45.  The success or otherwise of the first new nuclear power plant built in the UK could have a significant impact on subsequent plant. DECC told us that "if the first new nuclear plant are built to time and cost in the UK this could open up different sources and approaches to financing the construction phase of nuclear plant in the UK".[58] Of course, the reverse is also true; if the kinds of delays and cost overruns that have been witnessed at Flamanville and Olkiuoto were to occur in the UK, this could close down the possibility of raising project finance for subsequent projects because the construction risk would be too great for investors to contemplate.[59]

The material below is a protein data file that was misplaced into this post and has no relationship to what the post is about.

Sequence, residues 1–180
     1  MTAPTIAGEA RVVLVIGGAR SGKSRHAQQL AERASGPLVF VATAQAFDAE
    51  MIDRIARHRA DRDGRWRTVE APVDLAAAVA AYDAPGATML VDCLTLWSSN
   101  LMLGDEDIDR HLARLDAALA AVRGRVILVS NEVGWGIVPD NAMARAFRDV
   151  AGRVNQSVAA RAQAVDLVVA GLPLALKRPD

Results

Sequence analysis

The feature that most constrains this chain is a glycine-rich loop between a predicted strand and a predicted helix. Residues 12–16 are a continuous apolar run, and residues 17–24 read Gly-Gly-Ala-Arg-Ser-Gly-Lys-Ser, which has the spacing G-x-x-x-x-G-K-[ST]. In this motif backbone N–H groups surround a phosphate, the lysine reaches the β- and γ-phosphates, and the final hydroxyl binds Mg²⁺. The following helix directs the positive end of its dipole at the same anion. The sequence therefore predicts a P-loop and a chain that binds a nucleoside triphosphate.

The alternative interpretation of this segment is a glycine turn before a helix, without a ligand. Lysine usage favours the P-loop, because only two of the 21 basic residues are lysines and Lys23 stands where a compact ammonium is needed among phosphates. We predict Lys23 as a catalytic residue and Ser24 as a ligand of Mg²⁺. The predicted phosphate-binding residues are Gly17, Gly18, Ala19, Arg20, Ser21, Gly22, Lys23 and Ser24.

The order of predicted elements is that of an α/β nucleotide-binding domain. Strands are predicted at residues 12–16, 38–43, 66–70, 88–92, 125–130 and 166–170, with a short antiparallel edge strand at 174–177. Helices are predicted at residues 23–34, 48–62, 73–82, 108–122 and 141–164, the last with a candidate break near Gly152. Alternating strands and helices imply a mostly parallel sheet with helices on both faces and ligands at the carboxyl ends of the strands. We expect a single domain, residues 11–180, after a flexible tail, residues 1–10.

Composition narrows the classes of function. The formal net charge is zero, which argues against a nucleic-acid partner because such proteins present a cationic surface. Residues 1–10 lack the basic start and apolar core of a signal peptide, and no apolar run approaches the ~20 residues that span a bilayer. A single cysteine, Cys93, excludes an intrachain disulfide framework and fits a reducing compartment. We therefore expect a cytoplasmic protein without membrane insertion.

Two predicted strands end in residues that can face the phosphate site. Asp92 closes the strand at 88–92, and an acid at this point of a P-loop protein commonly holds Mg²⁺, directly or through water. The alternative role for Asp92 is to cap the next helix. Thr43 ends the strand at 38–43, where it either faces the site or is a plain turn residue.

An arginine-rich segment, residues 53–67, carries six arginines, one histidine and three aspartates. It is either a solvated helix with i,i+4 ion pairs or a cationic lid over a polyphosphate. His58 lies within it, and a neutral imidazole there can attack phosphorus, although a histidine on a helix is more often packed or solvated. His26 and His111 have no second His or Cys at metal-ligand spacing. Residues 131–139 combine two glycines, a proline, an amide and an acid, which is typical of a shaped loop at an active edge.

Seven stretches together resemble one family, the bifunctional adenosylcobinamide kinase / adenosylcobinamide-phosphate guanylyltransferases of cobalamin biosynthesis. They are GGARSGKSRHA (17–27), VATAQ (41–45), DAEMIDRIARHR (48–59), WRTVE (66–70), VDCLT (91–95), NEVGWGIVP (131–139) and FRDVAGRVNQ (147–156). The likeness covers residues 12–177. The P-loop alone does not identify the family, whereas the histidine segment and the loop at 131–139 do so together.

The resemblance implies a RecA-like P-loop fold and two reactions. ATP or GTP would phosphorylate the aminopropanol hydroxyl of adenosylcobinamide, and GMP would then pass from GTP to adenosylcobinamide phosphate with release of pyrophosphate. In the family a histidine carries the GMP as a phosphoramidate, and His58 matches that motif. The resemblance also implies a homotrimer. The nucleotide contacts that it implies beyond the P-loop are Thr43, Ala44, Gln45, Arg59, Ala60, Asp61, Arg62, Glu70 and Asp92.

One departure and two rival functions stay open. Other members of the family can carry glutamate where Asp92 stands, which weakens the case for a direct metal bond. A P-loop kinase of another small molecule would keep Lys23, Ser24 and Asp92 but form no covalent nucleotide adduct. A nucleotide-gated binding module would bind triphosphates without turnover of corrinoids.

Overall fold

The Government's solutions

CONTRACTS FOR DIFFERENCE

46.  The Government has set out plans to reform the electricity market through the Energy Bill 2012, which at the time of writing had completed the Committee Stage in the House of Commons. This includes the introduction of Contracts for Difference (CfDs), which will address both revenue and policy risk by guaranteeing long-term prices for the energy generated from nuclear power stations through private law contracts (which cannot be changed retrospectively by future governments). We commented extensively on these proposals in our pre-legislative scrutiny of the Energy Bill.[60]